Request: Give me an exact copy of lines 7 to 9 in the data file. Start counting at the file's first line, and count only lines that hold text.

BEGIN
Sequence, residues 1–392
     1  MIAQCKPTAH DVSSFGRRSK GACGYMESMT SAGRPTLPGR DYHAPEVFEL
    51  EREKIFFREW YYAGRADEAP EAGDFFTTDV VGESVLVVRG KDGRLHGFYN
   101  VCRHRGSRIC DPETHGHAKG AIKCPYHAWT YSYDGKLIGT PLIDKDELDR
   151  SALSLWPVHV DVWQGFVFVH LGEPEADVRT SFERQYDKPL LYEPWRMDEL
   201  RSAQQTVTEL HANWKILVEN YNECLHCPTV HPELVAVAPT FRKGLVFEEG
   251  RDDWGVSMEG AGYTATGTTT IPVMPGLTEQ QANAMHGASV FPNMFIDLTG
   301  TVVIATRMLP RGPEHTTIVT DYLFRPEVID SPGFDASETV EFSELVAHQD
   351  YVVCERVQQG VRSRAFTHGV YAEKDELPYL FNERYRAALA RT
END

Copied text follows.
   251  RDDWGVSMEG AGYTATGTTT IPVMPGLTEQ QANAMHGASV FPNMFIDLTG
   301  TVVIATRMLP RGPEHTTIVT DYLFRPEVID SPGFDASETV EFSELVAHQD
   351  YVVCERVQQG VRSRAFTHGV YAEKDELPYL FNERYRAALA RT